Jul 12, 2018
Haru yo Koi or Awaiting Spring is a one-shot originally published in Ctrl+T, which is primarily an Inio Asano art book containing original art, a colored Punpun chapter, some interviews, some other bonus material, and two one-shots, this being one of them. This was also recently collected in the Toronto Comic Arts Festival 2018 exclusive "Solanin: An Epilogue" along with the new chapter #29 and a proper translation of this (as opposed to the awful fan translation that's online where they not only had poor grammar, but also got plot points completely wrong). The first time I read it, I had it sitting at a
6 because the fan translation was just so poor that I didn't even understand certain plot points, but upon reading the official translation, I loved it. The official translation gets the poetic phrasing of Asano's writing perfectly. The story in itself is fairly simple, but it gets an 8 because it does exactly what it was intended to do: show that life goes on, other people are living their lives independent of you and the people you know, and that the things you leave behind will be picked up by someone else. Asano manages to pack a lot of personality into these two characters given the small amount of pages he has to work with. Definitely worth checking out, but I'd recommend trying to find the official translation. Keep in mind this score is relative and dependent on the fact that this a one-shot, so I'm not judging it by the same standards as a full manga series, because that would make no sense.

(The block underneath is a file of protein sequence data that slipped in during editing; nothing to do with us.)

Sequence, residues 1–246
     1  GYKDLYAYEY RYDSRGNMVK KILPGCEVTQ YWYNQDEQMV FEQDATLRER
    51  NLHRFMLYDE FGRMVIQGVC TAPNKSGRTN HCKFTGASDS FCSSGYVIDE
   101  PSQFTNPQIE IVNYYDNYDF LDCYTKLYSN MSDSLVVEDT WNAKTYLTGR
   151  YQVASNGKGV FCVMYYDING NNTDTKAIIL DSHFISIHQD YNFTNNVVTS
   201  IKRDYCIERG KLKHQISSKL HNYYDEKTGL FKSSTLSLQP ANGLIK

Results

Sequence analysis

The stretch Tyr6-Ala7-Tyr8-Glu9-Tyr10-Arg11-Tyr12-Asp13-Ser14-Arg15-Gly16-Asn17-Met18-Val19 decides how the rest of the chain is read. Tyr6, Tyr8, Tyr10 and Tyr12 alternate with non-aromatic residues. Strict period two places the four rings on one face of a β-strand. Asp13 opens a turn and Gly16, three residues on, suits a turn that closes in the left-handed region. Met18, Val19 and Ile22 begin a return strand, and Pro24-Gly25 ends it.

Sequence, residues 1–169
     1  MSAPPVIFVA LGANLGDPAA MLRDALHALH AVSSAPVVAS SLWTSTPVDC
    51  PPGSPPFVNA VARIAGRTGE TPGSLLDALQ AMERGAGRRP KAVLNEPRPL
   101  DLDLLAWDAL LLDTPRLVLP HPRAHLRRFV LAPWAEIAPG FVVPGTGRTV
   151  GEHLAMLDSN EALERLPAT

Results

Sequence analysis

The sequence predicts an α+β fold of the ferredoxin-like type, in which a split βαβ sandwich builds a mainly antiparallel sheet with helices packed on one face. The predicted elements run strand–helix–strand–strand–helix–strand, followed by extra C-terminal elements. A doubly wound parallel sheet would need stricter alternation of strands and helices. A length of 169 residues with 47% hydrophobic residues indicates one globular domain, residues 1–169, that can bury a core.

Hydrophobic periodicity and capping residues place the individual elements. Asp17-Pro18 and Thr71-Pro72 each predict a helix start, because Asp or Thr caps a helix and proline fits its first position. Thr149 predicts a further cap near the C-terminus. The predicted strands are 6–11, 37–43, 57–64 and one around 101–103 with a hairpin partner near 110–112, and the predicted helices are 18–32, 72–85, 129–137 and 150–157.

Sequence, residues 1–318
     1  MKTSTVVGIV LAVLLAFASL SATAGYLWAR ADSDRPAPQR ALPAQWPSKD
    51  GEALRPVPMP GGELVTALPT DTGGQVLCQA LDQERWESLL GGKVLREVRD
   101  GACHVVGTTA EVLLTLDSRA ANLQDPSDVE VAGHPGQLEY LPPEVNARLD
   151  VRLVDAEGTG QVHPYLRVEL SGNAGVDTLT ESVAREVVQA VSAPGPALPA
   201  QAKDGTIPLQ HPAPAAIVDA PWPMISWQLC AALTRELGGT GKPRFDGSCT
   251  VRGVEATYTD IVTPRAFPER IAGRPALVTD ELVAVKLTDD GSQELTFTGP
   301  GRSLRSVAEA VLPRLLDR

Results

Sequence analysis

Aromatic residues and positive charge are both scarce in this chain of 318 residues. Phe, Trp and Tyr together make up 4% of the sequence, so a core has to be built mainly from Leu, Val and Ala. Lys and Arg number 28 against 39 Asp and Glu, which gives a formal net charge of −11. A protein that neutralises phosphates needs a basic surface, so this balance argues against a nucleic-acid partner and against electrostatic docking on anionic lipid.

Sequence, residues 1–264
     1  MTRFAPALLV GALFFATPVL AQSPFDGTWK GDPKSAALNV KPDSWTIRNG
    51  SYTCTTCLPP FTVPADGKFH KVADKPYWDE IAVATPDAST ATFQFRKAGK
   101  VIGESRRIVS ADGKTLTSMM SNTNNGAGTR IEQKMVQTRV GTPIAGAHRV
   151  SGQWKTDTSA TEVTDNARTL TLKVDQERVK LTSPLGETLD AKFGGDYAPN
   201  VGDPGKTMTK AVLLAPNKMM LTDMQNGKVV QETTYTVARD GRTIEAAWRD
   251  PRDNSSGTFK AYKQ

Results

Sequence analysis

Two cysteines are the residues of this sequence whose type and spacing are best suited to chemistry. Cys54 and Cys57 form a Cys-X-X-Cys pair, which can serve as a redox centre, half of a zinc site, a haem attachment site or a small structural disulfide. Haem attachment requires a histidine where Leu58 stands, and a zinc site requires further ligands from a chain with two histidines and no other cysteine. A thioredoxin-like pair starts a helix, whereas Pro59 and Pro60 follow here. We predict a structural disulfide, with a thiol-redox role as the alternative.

/End of Haru yo Koi review/
And in case you are interested in the Solanin Epilogue chapter #29, since they were now collected together in the West, and since MAL does not yet have a listing for it, here is my review of that (obviously as an extra and not affecting my score of this listing). Message me if MAL does eventually make a listing for the epilogue.
I thought the epilogue was great. Much like Awaiting Spring, it achieves exactly what it means to achieve, and that is that time goes on, things change, and we must move forward. It is set about 10 years after the events of Solanin and mostly focuses on Meiko's life, but also shows where all the supporting characters have ended up. It continues the themes of the main story and puts a nice bow on the whole thing, all without invalidating or somehow souring the closure of the original ending. The most interesting thing about this chapter is seeing not only the characters' growth, but also Asano's growth as an artist. His art looks exponentially better here than it did in Solanin, with more realistic characters, better shading, and the use of his signature background technique. I thought it was clever to include this together with the one-shot which was done 5 years after Solanin and 5 years before the Epilogue, essentially showing the evolution of Asano's skill and techniques. One of my favorite things about this little book was the afterword, where Asano explains some of his reasoning behind the pivotal turning point in Solanin and reflects on his journey since then. It's hard to score one-shots, but this is easily a 10.
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